Monday 16 January 2017

The Duvivier Dossier (53) - Barrie Pattison retrieves LE PAQUEBOT TENACITY (France, 1934)

Watching the 1934 Le paquebot Tenacity to round out Film Alert’s Julien Duvivier dossier, I got an abrupt reminder of the skills that the director (and the top level French cinema of the thirties) commanded and which were lost in Duvivier’s later work.

The story is slight but the two stars, Albert Préjean (Chapeau de Paille d’Italie) and Marie Glory (L’argent), performing with a twisted ankle, are coaxed into unusually animated performances. Prejean was doing the first film in which he had sustained speeches, which was a strain for him and he got no help from an irritated Duvivier who was dissatisfied with the film. These were not names to attract international attention. The piece may never have been English sub-titled, leaving it without nostalgia value and hard to find.

Albert Prejean
The plot has friends Préjean and Hubert Prélier, fuelled by synthetic travel films in a sweaty cinema, resolve to quit their city jobs working in a movie studio and set out for Canada with its prairies and eskimoes. They book on the S.S. Tenacity and are farewelled at the station by their mothers.

Our heroes arrive in Le Havre (studio track along the street where the only businesses are rooms to rent and money lending) and find the sailing delayed. Préjean is thrown off the ship's bridge when he investigates. The pair are guided by sympathetic porter Pierre Laurel to Mady Berry’s hotel where Glory waits tables. Albert does well with the bar girls down the street, getting taken up stairs.

Marie Glory
The ship starts out but has to turn back and the friends get jobs round town while they wait, Préjean carrying ice and Prélier driving a crane where he injures his hand. He goes on a fuzzy edged picnic with Glory but it’s Albert who gets her drunk on champagne and stretched out on the beach - shot of their legs manoeuvring side by side on the water’s edge. Préjean tries to negotiate a passage for her on the ship but they instead return to the city together, leaving Prélier alone in the crowded bunk beds of the Tenacity as it finally sails.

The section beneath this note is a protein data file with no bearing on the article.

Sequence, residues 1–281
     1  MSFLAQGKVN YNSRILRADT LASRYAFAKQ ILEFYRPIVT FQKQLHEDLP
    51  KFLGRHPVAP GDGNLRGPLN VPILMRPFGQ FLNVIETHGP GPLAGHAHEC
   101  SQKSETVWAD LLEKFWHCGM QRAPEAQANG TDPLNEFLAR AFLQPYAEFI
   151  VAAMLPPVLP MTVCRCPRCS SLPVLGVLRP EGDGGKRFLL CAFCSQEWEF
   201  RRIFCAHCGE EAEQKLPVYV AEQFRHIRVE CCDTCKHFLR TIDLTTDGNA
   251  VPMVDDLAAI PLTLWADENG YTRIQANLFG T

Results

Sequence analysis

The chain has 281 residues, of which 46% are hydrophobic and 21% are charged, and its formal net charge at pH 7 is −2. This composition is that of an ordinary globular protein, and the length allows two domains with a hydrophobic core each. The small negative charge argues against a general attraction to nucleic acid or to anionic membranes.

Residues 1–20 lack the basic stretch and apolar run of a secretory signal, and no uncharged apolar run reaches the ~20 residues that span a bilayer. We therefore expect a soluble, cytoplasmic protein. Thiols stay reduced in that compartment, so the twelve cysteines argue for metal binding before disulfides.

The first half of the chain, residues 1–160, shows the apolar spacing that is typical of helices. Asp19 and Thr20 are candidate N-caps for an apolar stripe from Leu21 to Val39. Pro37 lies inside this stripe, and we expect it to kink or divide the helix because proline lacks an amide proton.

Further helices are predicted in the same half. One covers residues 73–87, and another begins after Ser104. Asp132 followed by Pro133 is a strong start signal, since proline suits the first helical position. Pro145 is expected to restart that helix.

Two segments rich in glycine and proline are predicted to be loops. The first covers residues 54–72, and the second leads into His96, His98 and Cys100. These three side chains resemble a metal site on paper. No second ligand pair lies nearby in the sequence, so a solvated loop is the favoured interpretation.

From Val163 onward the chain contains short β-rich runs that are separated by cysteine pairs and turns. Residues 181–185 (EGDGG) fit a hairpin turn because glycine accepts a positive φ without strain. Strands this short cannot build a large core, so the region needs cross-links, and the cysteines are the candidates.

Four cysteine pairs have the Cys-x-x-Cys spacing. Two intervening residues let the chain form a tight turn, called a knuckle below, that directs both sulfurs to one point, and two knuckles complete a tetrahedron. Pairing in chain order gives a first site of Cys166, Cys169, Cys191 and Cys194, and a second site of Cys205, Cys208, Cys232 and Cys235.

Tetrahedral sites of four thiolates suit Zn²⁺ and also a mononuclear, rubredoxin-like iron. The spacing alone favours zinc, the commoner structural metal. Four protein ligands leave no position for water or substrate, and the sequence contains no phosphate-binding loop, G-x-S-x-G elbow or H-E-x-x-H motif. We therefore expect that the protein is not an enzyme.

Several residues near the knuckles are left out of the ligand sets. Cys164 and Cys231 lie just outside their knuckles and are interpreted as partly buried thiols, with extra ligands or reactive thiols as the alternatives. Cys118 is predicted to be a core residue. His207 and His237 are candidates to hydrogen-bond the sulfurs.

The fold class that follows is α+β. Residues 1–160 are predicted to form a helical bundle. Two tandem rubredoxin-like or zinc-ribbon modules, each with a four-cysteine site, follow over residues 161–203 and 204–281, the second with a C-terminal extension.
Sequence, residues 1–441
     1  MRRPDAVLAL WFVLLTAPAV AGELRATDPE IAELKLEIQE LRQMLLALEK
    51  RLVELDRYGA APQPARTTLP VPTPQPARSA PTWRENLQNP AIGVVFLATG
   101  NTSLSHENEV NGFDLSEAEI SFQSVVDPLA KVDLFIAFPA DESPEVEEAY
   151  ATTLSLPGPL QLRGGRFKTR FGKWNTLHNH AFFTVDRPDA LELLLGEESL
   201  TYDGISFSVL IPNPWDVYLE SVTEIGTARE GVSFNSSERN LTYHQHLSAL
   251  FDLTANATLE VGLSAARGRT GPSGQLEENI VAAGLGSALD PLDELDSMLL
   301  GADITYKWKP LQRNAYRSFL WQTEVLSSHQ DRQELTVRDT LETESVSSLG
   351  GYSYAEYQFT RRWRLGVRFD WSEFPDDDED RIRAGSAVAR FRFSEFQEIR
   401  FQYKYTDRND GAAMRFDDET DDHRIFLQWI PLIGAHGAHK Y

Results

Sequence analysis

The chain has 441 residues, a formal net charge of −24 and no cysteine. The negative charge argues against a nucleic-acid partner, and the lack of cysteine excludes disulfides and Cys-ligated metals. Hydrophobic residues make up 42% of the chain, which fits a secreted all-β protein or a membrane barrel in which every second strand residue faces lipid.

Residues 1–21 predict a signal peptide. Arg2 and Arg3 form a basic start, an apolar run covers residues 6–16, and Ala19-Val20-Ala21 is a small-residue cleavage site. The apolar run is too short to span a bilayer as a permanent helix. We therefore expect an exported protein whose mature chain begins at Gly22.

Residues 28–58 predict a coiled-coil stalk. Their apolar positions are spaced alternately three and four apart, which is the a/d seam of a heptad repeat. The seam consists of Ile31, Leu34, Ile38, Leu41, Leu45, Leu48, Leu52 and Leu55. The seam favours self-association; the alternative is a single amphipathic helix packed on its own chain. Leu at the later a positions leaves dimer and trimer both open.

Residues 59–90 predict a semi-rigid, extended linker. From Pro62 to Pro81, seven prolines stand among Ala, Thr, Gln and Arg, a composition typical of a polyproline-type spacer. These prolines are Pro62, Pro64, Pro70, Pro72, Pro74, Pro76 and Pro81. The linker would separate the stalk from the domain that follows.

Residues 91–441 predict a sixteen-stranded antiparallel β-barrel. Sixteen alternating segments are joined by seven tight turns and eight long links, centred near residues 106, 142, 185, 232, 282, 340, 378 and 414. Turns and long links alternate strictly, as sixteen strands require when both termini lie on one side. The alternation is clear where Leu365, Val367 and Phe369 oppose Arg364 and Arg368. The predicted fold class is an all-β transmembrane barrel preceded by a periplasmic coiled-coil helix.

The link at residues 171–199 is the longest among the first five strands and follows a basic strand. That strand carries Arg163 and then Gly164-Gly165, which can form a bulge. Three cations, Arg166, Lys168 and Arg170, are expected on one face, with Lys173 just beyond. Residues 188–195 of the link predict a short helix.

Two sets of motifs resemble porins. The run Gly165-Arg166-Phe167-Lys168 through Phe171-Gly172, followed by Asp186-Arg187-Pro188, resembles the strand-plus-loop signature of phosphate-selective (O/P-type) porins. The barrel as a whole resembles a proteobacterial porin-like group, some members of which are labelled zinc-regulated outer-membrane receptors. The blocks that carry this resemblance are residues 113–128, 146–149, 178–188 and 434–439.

The waterfront material with its dockside machinery and moored ships makes an interesting comparison with Gremillon’s maritime films.

It is the busy texture which makes Le paquebot Tenacity memorable - extraordinarily alive. What’s shown constantly changes - day and night, rain, (“C’est triste la pluie sur la porte”), fog at dawn. There’s a rapid montage of the launch with Préjean and Glory touring ships at anchor. The mobile camera passes through walls and characters dance or burst into song that black sailors passing the bar join in till it spreads through the street. The passage of time is chairs inverted on the table going to them standing on the floor. The ship’s pistons starting to pump are cut to a giant Pacific class locomotive setting out.

Editor's Note: It has been some little time since the previous Duvivier Dossier entry was posted. There still remain a number of films to be reported upon and for other work to be done. The thought is to gather it all together into an E-Book during the coming months. In the meantime you can track down the earlier posts if you put Duvivier's name into the box on the top left of the page. 

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